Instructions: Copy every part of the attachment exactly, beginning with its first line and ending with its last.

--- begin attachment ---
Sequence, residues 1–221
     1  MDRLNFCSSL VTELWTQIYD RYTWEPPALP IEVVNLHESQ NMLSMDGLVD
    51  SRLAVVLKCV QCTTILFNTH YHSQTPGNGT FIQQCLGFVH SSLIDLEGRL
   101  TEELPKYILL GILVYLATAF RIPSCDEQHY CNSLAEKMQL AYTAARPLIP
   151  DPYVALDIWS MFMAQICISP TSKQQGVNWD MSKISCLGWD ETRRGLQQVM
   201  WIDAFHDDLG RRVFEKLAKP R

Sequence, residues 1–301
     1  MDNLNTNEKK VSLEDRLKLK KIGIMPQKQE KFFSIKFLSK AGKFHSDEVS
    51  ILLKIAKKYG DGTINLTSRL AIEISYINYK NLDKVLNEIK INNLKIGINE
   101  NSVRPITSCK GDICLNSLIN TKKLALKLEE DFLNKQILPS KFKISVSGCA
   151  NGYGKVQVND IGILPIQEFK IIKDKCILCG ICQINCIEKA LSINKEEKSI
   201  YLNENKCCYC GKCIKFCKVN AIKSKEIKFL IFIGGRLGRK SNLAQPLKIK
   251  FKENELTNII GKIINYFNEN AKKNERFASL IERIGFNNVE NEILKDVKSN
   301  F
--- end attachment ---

Sequence, residues 1–221
     1  MDRLNFCSSL VTELWTQIYD RYTWEPPALP IEVVNLHESQ NMLSMDGLVD
    51  SRLAVVLKCV QCTTILFNTH YHSQTPGNGT FIQQCLGFVH SSLIDLEGRL
   101  TEELPKYILL GILVYLATAF RIPSCDEQHY CNSLAEKMQL AYTAARPLIP
   151  DPYVALDIWS MFMAQICISP TSKQQGVNWD MSKISCLGWD ETRRGLQQVM
   201  WIDAFHDDLG RRVFEKLAKP R

Sequence, residues 1–301
     1  MDNLNTNEKK VSLEDRLKLK KIGIMPQKQE KFFSIKFLSK AGKFHSDEVS
    51  ILLKIAKKYG DGTINLTSRL AIEISYINYK NLDKVLNEIK INNLKIGINE
   101  NSVRPITSCK GDICLNSLIN TKKLALKLEE DFLNKQILPS KFKISVSGCA
   151  NGYGKVQVND IGILPIQEFK IIKDKCILCG ICQINCIEKA LSINKEEKSI
   201  YLNENKCCYC GKCIKFCKVN AIKSKEIKFL IFIGGRLGRK SNLAQPLKIK
   251  FKENELTNII GKIINYFNEN AKKNERFASL IERIGFNNVE NEILKDVKSN
   301  F